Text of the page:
Tan Yee Chen
Master of Business Administration

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I think furthering studies is something that comes naturally to most people, particularly after having been in the work force for a few years. My first degree from Nanyang Technological University was in Engineering but now I am pursuing a postgraduate degree in the Master of Business Administration (MBA). Though I have always worked in an engineering-related industry and assume engineering roles, I am also keen to develop competencies in the areas of business development and management.

After working for three years in my first company, I was interested to work overseas for a few years and hence applied for a job in Australia, which was how I landed in Adelaide for three and a half years. I started working for Aurecon in Adelaide before I was transferred to the Aurecon Singapore office. While working in Adelaide, I was aware of the business programmes offered by the University of Adelaide (UoA) and of their joint venture with Ngee Ann Kongsi – the Ngee Ann-Adelaide (NAA) Education Centre here in Singapore. Students at the centrally-located NAA campus undergo the same curriculum, which means that the rigour and quality of the content, as well as the course load and assessments are the same as the classes in Adelaide. This, together with an abundance of international learning opportunities via an exchange programme, are just some of the motivating factors that drove me to enrol for the part-time MBA programme with UoA offered through NAA in May 2014.

One of the challenges that I face in the course of study is the optimal balancing of work, study and family, which is a constant struggle. The support of my family at home as well as from my colleagues and bosses at my workplace is very important. I constantly remind myself that this challenge is temporary and of the long term benefits that I would be able to enjoy after completing the MBA programme, in order to maintain my energy and drive. It also helps that I am a privileged recipient of NAA’s bond-free scholarship which provided me generous financial assistance, so that I am able to focus better on my studies without having to worry too much about the programme fees.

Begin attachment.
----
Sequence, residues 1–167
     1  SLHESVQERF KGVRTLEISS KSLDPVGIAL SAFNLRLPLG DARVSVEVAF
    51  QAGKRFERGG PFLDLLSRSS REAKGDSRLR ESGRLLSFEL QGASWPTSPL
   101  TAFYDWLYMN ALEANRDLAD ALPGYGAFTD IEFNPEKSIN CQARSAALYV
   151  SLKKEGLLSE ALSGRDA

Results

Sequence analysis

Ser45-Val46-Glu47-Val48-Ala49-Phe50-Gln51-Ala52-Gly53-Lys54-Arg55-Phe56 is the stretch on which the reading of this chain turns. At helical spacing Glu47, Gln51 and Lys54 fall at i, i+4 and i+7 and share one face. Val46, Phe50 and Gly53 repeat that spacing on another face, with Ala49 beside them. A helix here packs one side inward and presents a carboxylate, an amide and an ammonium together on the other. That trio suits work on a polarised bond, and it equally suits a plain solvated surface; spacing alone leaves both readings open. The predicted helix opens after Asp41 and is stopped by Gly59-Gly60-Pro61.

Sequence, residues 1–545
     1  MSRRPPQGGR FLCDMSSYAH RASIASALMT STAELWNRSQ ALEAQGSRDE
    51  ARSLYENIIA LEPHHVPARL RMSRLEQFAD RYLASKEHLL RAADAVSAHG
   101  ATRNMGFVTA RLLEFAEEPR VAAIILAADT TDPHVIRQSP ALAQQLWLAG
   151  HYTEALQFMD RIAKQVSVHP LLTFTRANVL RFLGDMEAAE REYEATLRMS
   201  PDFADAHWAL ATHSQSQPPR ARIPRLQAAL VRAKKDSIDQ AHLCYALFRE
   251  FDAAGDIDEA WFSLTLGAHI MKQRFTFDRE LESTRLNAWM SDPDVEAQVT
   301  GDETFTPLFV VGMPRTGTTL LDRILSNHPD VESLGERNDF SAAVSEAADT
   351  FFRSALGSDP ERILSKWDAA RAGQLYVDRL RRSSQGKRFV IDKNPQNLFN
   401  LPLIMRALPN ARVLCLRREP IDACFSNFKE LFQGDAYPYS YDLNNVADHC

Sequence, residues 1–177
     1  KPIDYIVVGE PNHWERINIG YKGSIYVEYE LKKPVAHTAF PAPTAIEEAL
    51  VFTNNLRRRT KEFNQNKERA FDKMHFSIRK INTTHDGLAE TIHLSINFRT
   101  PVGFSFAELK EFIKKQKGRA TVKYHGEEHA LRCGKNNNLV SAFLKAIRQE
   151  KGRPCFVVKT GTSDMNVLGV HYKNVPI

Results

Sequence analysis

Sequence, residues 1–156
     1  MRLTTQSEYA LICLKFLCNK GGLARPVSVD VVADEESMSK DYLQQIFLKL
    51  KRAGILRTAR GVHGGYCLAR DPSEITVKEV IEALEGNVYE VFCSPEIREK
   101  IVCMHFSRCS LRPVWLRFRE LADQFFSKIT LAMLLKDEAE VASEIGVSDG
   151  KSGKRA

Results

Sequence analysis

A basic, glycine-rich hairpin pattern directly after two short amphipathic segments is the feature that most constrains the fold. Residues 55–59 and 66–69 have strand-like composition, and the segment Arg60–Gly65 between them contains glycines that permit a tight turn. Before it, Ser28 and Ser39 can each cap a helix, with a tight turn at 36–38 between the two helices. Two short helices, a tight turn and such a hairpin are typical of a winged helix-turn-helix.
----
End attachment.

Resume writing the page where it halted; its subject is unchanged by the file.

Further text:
I’m a little more than halfway through the programme and so far, have really enjoyed the course works. I picked the MBA programme at NAA because of a well-balanced composition of face-to-face lectures and self-study mode of learning. Particularly, I find the leadership and management courses really beneficial and interesting as a great deal of it has to do with personal change, and the expansion of my thoughts.

The most recent course I have taken was on negotiation skills, where we went through numerous simulations and scenarios to appreciate the principles behind effective negotiations. I liken this to sessions of “mind games”, which tested me and my coursemates on our behaviours and thinking process. It is not a familiar or comfortable experience for some people, including myself; however, it is a controlled and moderated environment for us to put ourselves to the test. Another takeaway for me from this course was that there would always be a solution or a better way to resolve an issue, which was rather motivational for me in that aspect.

Due to the high quality of the MBA programme, some of my course mates were either partially or even fully sponsored by their organisations to take on this MBA programme. Profile of the MBA students at NAA generally hail from big organisations like Shell, Pratt & Whitney, City Developments Limited, Honeywell, Microsoft and other MNCs, as well as government agencies which boost the quality of classroom and project discussions and significantly contribute to the flow of ideas. These interactions provided me valuable opportunities to engage with and to learn from each of them.